1/4         Introductory session

Discuss syllabus, assignments, research interests, and pedagogy.  Sign up for book reviews.

1/11      Welfare-state regimes

READ:    Esping-Andersen, The Three Worlds of Welfare Capitalism

Meg Jacobs and Julian Zelizer, The Democratic Experiment: New Directions in American Political History, pp. 1-19

Suzanne Mettler and Andrew Milstein, “American Political Development from Citizens’ Perspective:  Tracking the Presence of the Federal Government in Individual Lives Over Time,” Studies in American Political Development 21 (Spring 2007), 110-130.

Stanley Feldman and John Zaller, “The Political Culture of Ambivalence: Ideological Responses
to the Welfare State,” American Journal of Political Science 36:1 (1992), 268-307.

1/18      MLK Day – no class

1/25      Gender and motherhood

READ:    Skocpol, Protecting Soldiers and Mothers

Paul Burstein, “Policy Domains: Organization, Culture, and Policy Outcomes,” Annual Review of Sociology 17 (1991)

Koven and Michel, Mothers of a New World – at least five chapters of your choosing

Additional reading:
Ann Allen, Feminism and Motherhood in Germany, 1800-1914 (1991)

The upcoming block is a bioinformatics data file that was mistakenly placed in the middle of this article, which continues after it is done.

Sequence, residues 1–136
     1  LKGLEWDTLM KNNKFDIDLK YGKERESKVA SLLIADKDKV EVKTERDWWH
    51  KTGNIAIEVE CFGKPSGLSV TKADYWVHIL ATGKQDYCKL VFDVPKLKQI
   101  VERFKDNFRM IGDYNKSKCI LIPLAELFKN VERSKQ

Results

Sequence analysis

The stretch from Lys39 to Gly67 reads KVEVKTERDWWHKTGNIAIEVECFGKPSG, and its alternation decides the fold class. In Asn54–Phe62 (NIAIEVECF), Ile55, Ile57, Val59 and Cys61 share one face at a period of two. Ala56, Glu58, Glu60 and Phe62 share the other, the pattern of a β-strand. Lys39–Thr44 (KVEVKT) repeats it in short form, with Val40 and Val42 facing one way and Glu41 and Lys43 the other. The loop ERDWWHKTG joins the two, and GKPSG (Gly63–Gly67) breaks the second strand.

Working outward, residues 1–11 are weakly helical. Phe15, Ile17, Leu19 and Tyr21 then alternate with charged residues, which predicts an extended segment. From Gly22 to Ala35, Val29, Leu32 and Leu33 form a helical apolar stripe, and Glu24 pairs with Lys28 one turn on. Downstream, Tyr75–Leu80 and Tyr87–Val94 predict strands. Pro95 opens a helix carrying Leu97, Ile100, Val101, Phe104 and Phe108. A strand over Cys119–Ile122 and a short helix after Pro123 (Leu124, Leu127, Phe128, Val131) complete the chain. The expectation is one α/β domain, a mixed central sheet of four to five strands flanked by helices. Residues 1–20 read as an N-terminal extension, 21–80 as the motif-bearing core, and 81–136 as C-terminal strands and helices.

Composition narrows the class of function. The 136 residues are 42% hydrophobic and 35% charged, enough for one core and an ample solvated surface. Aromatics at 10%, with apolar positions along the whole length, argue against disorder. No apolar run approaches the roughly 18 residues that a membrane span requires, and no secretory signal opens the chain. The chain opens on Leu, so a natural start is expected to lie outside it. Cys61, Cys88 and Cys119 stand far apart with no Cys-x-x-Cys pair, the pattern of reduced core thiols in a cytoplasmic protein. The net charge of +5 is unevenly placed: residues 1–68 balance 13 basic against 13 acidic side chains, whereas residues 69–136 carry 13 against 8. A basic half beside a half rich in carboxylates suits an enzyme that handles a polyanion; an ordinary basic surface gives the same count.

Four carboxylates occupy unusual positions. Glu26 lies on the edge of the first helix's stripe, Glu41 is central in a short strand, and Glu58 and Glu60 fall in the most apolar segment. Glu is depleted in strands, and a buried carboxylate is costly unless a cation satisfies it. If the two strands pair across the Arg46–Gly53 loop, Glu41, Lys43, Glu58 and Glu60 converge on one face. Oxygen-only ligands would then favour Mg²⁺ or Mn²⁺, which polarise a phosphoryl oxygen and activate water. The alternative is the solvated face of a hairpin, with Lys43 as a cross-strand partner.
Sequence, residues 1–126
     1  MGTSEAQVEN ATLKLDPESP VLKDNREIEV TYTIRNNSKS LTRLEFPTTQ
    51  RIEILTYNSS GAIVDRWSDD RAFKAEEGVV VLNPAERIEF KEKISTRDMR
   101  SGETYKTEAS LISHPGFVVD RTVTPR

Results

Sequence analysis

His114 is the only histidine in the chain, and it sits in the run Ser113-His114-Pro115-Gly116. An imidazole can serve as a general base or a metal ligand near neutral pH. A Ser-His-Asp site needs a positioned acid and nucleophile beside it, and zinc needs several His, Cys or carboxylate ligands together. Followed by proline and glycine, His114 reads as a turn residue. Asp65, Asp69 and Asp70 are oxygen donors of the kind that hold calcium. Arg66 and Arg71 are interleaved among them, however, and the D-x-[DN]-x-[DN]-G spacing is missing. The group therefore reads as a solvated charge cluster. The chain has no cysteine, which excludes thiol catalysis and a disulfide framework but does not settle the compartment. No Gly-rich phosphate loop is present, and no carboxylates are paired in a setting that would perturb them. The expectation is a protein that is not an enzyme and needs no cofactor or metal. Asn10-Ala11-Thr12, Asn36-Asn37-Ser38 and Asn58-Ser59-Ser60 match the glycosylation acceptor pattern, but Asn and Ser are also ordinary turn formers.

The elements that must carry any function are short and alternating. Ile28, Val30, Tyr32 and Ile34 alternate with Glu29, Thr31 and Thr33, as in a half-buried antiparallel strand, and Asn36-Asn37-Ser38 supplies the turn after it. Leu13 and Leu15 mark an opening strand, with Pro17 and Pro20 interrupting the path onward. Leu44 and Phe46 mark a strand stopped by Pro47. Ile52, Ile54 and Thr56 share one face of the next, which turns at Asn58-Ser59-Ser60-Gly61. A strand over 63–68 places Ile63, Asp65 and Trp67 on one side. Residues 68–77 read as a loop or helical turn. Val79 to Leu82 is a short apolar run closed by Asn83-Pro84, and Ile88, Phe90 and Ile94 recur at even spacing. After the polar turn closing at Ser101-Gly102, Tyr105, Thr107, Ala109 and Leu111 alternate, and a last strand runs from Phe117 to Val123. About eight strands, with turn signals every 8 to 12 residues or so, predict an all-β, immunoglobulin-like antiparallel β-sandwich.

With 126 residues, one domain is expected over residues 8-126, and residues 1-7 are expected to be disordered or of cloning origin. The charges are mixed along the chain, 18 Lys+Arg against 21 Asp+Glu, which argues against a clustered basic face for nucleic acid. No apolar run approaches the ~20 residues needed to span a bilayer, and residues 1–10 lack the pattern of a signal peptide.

Rachel G. Fuchs, Poor and Pregnant in Paris: Strategies for Survival in the Nineteenth Century (1992)
Susan Pedersen, Family, Dependence, and the Origins of the Welfare State: Britain and France, 1914-1945 (1993)
Stephen Skowronek, Building a New American State: The Expansion of National Administrative Capacities, 1877-1920 (1982)
Margaret Weir, Ann Shola Orloff, and Theda Skocpol, eds., The Politics of Social Policy in the United States (1988)

2/1         Global crossings

READ:    Rodgers, Atlantic Crossings

Additional reading:
Sven Beckert, The Monied Metropolis, New York City and the Consolidation of the American Bourgeoisie (2001)
Nicholas Bullock and James Read, The Movement for Housing Reform in Germany and France, 1850-1900 (1985)
David Moss, Socializing Security: Progressive-Era Economists and the Origins of American Social Policy (1996)
David Rothman, Conscience and Convenience: The Asylum and its Alternatives in Progressive America (1980)
Nancy Steiber, Housing Design and Society in Amsterdam: Reconfiguring Urban Order and Identity, 1900-1920 (1998)
Gail Radford, Modern Housing for America: Policy Struggles in the New Deal Era (1996) Sanford

2/8         Class and labor

READ:    Baldwin, The Politics of Social Solidarity

Additional reading:
Alice O’Connor, Poverty Knowledge: Social Science, Social Policy, and the Poor in Twentieth-Century U.S. History (2001)